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Anything possible in final, says Kane Williamson

[img]https://ichef.bbci.co.uk/onesport/cps/480/cpsprodpb/2D42/production/_107868511_kane_williamson_reuters.jpg" srcset="https://ichef.bbci.co.uk/onesport/cps/240/cpsprodpb/2D42/production/_107868511_kane_williamson_reuters.jpg 240w, https://ichef.bbci.co.uk/onesport/cps/320/cpsprodpb/2D42/production/_107868511_kane_williamson_reuters.jpg 320w, https://ichef.bbci.co.uk/onesport/cps/480/cpsprodpb/2D42/production/_107868511_kane_williamson_reuters.jpg 480w, https://ichef.bbci.co.uk/onesport/cps/624/cpsprodpb/2D42/production/_107868511_kane_williamson_reuters.jpg 624w, https://ichef.bbci.co.uk/onesport/cps/800/cpsprodpb/2D42/production/_107868511_kane_williamson_reuters.jpg 800w" sizes="(min-width: 900px) 50vw, (min-width: 600px) 70vw, 100vw" alt="Kane Williamson" class="">
England have won seven of their last nine ODIs against New Zealand, including a 119-run victory in the group stage earlier in the World Cup.
bbc.comNew Zealand will "keep their feet on the ground" as they bid to upset England and win their first World Cup, says captain Kane Williamson.The Black Caps overcame India on Wednesday to secure a place in the showpiece at Lord's on Sunday.Williamson played in the World Cup final four years ago, in which New Zealand were thrashed by Australia.
"I think anything is possible. It's a really special occasion tomorrow," Williamson said."All different thoughts can go through your mind but certainly where myself and the group come from, it's keeping your feet on the ground and looking to play the sort of cricket to give yourself the best chance."At the end of the day, it still is a cricket match."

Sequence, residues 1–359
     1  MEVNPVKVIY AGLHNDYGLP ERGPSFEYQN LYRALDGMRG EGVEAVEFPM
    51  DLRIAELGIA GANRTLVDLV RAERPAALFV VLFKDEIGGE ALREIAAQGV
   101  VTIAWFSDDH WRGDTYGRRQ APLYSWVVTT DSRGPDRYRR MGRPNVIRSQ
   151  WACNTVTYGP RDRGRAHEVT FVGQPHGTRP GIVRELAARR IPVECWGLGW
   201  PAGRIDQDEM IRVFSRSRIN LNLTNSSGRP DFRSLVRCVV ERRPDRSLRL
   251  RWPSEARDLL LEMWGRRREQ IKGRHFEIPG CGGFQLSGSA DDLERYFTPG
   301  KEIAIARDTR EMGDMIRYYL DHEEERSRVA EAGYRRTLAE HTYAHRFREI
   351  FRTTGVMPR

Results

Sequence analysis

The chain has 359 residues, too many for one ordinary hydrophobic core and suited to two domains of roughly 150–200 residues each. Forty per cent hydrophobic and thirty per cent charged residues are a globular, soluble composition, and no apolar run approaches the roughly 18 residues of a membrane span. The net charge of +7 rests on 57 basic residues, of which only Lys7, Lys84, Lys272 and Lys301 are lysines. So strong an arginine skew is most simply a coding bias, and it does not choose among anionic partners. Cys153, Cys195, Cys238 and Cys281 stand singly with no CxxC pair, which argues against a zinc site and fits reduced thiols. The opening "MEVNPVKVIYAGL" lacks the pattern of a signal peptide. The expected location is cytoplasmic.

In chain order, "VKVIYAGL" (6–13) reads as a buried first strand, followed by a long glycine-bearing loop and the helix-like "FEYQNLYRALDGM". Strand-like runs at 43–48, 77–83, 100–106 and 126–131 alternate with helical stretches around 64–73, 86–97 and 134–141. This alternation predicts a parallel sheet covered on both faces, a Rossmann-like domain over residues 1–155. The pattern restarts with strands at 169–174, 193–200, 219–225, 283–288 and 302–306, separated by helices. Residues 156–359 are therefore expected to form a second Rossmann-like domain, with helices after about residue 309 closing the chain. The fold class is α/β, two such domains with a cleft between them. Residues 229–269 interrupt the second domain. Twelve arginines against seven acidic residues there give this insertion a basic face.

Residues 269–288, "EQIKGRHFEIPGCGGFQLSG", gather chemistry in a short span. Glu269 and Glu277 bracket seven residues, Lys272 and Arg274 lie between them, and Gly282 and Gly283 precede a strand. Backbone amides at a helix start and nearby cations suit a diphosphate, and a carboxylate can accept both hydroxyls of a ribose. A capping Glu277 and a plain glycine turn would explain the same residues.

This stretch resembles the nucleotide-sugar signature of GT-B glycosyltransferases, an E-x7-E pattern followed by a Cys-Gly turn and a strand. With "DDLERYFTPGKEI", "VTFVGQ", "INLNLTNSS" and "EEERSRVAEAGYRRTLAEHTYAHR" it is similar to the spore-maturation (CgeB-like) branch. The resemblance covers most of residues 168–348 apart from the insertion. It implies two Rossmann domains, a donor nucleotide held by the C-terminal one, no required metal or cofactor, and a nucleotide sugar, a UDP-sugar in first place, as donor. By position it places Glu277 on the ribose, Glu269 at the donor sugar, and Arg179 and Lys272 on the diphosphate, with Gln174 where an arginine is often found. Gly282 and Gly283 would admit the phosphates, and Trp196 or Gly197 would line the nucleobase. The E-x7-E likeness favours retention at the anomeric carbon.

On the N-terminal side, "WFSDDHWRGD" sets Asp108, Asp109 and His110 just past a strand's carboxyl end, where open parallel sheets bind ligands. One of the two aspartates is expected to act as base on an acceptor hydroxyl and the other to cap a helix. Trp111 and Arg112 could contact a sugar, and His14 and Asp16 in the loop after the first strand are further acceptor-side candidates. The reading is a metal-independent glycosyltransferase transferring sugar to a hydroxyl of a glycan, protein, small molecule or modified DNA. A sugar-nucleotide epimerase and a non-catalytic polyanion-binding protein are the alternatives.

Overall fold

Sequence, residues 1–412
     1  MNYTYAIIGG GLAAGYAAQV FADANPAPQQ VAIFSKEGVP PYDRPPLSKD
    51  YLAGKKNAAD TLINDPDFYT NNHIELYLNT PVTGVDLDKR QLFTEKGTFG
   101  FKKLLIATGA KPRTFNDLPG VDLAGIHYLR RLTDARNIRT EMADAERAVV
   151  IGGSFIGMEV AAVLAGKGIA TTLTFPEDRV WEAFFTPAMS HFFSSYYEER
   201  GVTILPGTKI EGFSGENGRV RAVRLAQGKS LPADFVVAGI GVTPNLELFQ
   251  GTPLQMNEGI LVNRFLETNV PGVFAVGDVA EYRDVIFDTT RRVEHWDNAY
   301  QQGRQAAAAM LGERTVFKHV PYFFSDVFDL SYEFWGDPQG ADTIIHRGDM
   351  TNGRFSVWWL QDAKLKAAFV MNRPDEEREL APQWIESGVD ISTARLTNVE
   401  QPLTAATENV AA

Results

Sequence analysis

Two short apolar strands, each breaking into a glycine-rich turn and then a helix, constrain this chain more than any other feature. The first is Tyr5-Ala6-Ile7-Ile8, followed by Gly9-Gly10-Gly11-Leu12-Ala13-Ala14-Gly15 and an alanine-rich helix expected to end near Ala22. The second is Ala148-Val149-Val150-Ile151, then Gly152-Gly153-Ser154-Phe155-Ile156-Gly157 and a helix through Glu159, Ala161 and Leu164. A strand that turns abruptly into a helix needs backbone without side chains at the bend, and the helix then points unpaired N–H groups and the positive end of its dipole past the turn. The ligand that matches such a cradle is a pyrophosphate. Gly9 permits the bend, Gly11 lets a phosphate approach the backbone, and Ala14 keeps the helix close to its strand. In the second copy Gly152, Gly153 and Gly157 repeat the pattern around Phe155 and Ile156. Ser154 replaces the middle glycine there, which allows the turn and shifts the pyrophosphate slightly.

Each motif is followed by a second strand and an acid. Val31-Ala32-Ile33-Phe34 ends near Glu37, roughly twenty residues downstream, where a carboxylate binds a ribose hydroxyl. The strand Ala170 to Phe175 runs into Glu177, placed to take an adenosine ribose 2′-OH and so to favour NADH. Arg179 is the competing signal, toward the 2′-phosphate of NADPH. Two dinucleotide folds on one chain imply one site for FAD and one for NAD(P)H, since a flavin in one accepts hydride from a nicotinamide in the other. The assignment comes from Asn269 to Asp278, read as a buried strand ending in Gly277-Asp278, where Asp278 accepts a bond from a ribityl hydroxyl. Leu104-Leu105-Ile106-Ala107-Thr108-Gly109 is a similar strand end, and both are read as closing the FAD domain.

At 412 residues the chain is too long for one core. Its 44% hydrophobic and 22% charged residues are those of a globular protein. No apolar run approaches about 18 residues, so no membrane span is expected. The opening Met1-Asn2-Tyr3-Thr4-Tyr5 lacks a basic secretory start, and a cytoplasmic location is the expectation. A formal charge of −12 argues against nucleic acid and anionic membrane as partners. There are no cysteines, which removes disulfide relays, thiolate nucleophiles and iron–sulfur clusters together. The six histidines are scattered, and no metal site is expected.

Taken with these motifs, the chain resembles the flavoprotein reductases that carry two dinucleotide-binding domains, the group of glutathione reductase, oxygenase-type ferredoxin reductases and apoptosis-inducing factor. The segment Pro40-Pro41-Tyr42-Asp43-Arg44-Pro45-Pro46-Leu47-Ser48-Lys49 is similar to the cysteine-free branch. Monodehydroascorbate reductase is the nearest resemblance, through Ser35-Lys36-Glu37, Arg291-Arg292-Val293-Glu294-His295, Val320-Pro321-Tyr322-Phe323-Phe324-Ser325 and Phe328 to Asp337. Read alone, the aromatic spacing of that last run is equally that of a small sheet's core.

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New Zealand lost heavily to England in the group stages but their impressive win over India at Old Trafford will give them confidence.They made a strong start to the tournament and were top of the table at one point, but they lost their last three matches to Pakistan, Australia and England.Despite reaching the final in successive tournaments, New Zealand are often given the 'underdog' tag - even though they arguably have one of the best bowling attacks in the game.They also have, in Williamson, a world-class batsman who has been responsible for pulling the side out of trouble on several occasions.When asked about being underdogs, Williamson said: "Whatever dog we are, it's important we focus on the cricket we want to play."It's shown over the years that anybody can beat anybody, regardless of breed of dog."I think England rightly deserve to be favourites."
Quiz: How well do you know England's World Cup finalists[/img]
'It's very much Kane's side now'
[img]http://www.bbc.co.uk/data:image/gif;base64,R0lGODlhAQABAIAAAAAAAP//yH5BAEAAAAALAAAAAABAAEAAAIBRAA7[/img]

Williamson has scored 548 runs so far during the World Cup, breaking the New Zealand record for a player at a single World CupAll four matches at Lord's in this World Cup have been won by the side batting first, although there was a tinge of green on the pitch on Saturday.New Zealand's openers have struggled and Henry Nicholls did not take the field at Old Trafford because of a tight hamstring.Neither New Zealand or England have won the men's World Cup before - the Black Caps reached the final for the first time four years ago, while hosts England last contested the final in 1992.It was New Zealand's hammering of England four years ago in Australia, where England were bowled out for 123, that sparked the revival of Eoin Morgan's side.Ex-Black Caps wicketkeeper Brendon McCullum, who was captain in 2015, greeted Morgan and Williamson with a hug at Lord's."It's very much Kane's side now," McCullum, 37, told BBC Sport."Whilst there's still a couple of elements of the side I captained, it's very much in Kane's control now."It's great for world cricket that these two teams in particular, who play the game the right way, have managed to make it through to the final."Williamson, who captained England opener Jonny Bairstow at this year's Indian Premier League, said the side was "very different" to the one that played four years ago."We have a very different group, a slightly different vibe and ethos and how we operate. "At the same time there's a real commitment to that, which is a very positive thing."And, when asked if the pressure was off his side because of England's status as favourites, his answer, delivered with a grin, was: "Well, we're quite keen on winning as well!"
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